Maryland Sea Grant seeks to hire a Legal Fellow and a Graduate Assistant. More details.
It’s spring in Maryland and in rivers and tributaries throughout the Chesapeake Bay, young American eels, called elvers, are moving upstream—pushing and wriggling and constantly moving. Movement is what they are made of.
These tiny eels, Anguilla rostrata, also known as freshwater eels, have traveled thousands of ocean miles and hundreds more up the Chesapeake Bay. As North America’s only catadromous fish—one that lives in freshwater and returns to saltwater to spawn—every American eel in the Chesapeake Bay was born in the Sargasso Sea, a two-million-square-mile expanse of ocean roughly between Bermuda, the Azores, and the West Indies.
Scientists know little about precisely how, where, or when this happens. “It’s just a big ocean out there,” says Steve Minkkinen, project leader of the Maryland Fish and Wildlife Conservation Office, part of the U.S. Fish and Wildlife Service (USFWS). “That kind of research is expensive and difficult.”
They do know that after the eggs hatch, the planktonic leaf-like larvae called leptocephali (lepto for leaf, cephalis for head) drift for about a year, riding currents that propel them toward the rivers and estuaries down which their parents—as sexually mature silver eels—dashed to make their terminal journey to the Sargasso Sea. As the larvae approach the Chesapeake, they’ve transformed into glass eels. As the name implies, they are still transparent, but are now two to three inches long with developed fins and the eel’s shape—and they are seeking freshwater any way they can, including sometimes moving short distances over land into ponds and lakes.
As they grow to about four inches long, they become darker elvers, continuing to migrate upstream into estuaries and rivers. Eventually they become sexually immature yellow eels. Those that spend their lives further upstream in freshwater seem to grow larger and older, while those that stay in brackish water tend to mature earlier. They can live as yellow eels up to about 20 years before reaching sexual maturity, when they become silver eels.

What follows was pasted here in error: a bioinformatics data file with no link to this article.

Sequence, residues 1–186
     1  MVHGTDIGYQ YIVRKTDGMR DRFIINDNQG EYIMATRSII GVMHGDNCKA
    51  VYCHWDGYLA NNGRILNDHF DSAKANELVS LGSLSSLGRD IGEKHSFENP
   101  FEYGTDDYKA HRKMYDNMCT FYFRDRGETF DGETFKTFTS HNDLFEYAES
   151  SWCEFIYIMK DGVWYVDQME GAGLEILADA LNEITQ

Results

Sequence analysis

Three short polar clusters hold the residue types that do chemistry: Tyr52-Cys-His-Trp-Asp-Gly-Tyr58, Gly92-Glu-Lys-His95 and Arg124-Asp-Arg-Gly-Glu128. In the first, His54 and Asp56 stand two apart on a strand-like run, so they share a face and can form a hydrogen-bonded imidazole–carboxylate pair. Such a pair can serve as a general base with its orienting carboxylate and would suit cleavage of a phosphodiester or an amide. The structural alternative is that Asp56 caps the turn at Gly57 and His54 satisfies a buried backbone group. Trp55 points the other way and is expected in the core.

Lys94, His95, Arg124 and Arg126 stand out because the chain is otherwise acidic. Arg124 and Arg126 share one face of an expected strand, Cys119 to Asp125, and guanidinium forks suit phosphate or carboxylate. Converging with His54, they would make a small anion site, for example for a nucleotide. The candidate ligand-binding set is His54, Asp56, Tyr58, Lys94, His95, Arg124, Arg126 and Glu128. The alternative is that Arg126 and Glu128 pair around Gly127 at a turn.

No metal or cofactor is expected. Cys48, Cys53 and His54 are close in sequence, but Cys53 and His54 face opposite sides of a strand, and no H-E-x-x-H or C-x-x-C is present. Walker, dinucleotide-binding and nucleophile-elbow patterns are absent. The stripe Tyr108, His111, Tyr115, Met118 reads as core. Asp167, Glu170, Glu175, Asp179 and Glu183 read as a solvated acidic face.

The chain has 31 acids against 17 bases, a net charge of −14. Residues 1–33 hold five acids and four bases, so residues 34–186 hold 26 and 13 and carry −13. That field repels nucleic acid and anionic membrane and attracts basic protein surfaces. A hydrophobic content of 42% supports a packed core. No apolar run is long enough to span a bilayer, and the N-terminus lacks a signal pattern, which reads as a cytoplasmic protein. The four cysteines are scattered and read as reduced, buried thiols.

Researchers aren’t certain when eels become male or female, as there are many factors involved that they are still working to understand. However, it is possible for scientists to identify gonad development in eels late in their juvenile stage, when they are about 260 millimeters long.
“How and why they choose gender is still an unanswered question,” says Julie Devers, a fish biologist with the USFWS Maryland office. Most researchers believe environmental factors including salinity and temperature may determine gender. Lower population densities may also trigger more eels to become female.
When the time comes to migrate back to the Sargasso Sea and reproduce, males generally are about 400 mm (just over a foot long) while females can be three times that. To travel thousands of miles seaward, their bodies undergo dramatic changes—their guts degenerate as they stop eating, blood vessels supporting their swim bladders increase, and their eyes double in size and become more sensitive to blue, improving their vision in dark water.
Unlike other Chesapeake species, eels have never been successfully bred in captivity, and much of their lives remains a mystery. Eleven “habitat research needs” listed by the Atlantic States Marine Fisheries Commission (ASMFC) reveal the breadth of what we don’t know, including identifying silver eels’ migratory routes and mechanisms, verifying spawning locations, researching behavior and movements when eels are living their lives in freshwater, and understanding how changes in ocean climate and environmental quality might affect larvae as well as adult migration and spawning.
Stay tuned for Part 2 of this series to learn whether eels’ abundance is in jeopardy, as well as the status of the fishery for yellow and glass eels.